Spain Bans Cash
The Daily Bell
Friday, April 20, 2012
Spain Bans Cash Transactions Over 2,500 Euros … Spain has outlawed the use of cash in business transactions in excess 2,500 euros in order to crack down on the black market and tax evaders. The motivations behind the push for digital currencies is exposed as Spain heads down the road of the Greeks in combating their sovereign debt crisis. As the government scrambles for every tax dollar it can get its hands on, even though they already gave every Spaniard $23,000 Euros in debt last year alone (approximately $32,500), they are now banning all large cash business transactions. Why? So they can track the transactions and make sure that people and business are paying taxes. Being able to track the transactions is also aimed to combat the growing black market in Spain. – Alexander Higgins’ blog
Dominant Social Theme: This cash has gotta go. It’s evil.
Free-Market Analysis: They are not even making a pretense anymore that the West is run via market economies. As we have long predicted, the phony “sovereign debt” crisis in Europe is being used to justify all sorts of authoritarian measures.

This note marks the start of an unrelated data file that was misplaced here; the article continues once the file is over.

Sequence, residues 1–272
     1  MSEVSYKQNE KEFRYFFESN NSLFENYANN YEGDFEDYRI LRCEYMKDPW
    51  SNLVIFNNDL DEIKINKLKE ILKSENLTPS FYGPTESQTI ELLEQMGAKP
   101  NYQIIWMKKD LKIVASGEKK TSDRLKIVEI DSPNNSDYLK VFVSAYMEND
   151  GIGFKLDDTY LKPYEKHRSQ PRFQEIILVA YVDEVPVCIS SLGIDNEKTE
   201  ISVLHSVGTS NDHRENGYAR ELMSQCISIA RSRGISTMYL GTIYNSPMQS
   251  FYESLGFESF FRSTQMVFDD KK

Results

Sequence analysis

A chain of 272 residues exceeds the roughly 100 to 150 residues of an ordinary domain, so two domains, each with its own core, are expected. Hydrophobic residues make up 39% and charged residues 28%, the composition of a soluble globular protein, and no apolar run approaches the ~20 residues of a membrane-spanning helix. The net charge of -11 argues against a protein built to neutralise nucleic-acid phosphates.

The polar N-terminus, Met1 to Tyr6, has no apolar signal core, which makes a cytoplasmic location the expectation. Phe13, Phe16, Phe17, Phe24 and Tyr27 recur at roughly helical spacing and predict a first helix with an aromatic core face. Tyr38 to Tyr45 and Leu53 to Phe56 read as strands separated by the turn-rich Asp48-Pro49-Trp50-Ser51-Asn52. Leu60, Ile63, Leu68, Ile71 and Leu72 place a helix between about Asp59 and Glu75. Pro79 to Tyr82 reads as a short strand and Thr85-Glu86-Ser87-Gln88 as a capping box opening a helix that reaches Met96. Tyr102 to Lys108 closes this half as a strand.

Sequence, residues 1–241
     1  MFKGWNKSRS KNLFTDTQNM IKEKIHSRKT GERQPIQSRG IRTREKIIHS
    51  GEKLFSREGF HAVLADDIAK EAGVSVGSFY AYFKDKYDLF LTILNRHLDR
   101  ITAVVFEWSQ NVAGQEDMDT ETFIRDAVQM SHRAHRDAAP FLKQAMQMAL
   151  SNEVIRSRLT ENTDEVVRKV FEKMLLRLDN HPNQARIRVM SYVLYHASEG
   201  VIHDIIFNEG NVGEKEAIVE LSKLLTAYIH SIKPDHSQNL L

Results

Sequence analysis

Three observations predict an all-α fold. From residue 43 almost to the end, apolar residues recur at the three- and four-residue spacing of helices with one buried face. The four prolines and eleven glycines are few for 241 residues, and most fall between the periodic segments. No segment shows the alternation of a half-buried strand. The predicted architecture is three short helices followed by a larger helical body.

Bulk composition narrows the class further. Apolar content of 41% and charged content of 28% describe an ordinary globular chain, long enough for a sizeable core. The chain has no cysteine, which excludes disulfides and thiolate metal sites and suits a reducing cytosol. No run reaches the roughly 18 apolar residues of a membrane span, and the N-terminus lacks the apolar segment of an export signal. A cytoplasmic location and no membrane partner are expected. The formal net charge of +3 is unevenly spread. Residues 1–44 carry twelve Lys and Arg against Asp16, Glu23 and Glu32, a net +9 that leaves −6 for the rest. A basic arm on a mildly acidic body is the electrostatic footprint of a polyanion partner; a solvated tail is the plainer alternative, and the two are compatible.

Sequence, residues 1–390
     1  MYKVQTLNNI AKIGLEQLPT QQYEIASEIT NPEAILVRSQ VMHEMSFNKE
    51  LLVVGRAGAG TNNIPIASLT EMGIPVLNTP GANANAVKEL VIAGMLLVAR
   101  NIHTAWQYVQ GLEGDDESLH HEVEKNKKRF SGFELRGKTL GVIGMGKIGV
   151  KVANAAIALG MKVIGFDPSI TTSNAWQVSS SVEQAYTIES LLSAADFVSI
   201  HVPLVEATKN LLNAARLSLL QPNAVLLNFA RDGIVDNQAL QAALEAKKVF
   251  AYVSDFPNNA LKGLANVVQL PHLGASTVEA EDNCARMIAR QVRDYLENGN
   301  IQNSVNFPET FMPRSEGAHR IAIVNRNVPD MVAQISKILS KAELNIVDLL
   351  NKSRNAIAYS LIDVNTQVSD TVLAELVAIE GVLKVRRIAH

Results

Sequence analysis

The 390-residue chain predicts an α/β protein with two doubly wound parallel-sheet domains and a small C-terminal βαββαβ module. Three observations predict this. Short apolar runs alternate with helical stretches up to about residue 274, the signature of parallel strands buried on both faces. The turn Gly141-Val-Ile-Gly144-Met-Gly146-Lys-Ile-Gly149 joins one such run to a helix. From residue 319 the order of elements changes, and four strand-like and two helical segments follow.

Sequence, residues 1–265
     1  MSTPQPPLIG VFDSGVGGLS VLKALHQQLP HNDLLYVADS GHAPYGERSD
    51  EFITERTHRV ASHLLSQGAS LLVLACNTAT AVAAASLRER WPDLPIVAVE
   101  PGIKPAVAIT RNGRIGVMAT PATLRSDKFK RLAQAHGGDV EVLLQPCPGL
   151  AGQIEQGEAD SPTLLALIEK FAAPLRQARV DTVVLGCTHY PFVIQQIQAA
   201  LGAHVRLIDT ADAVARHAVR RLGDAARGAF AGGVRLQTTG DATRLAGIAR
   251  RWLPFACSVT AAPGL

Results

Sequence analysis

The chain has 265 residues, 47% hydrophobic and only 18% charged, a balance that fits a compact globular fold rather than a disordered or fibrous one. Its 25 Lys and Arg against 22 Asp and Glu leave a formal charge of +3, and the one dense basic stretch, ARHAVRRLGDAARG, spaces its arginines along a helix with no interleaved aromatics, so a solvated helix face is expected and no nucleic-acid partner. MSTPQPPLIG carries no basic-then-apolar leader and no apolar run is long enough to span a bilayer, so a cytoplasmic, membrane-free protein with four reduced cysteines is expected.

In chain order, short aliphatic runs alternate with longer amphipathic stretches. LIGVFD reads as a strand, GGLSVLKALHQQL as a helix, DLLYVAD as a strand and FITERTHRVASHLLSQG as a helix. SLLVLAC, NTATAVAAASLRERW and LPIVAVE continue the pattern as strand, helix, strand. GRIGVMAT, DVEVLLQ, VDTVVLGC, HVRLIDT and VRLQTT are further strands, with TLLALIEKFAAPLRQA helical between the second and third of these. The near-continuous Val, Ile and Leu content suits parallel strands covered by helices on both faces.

It is government pols that gladly borrowed what European banks threw at them. And somehow the upshot earlier this week is that Spanish citizens now lose the right to conduct many transactions in cash.
Spectactularly, the reports such as this one, excerpted above, don’t even both to hide the real point. The Spanish government wants to ensure that it can “track transactions and make sure that people and businesses are paying taxes.”
Of course, anyone who has visited Spain of late knows that the tax burden in Spain is onerous indeed, and is one reason that the truculent tribes that have co-existed uneasily with Madrid are again beginning to beat the drums of secession.
The taxes that the central government levies on small businesses especially are verging on punitive. But there are no apologies. The official position is one of unflinching demands.
It is surely part of a larger meme having to do with a “cashless” society. Just recently the UK Telegraph asked “Is mobile the way we’ll all be paying?” The answer, as can be expected, was a qualified yes, but issued in the predictable upbeat way.
The cashless society has been a much-mooted concept ever since consumer credit cards were widely introduced in the 1950s. Now it seems that “mobile money” is the new gold rush. The term – used to describe the way the mobile phone is used to pay for goods – yields no fewer than 126 million results on a Google search …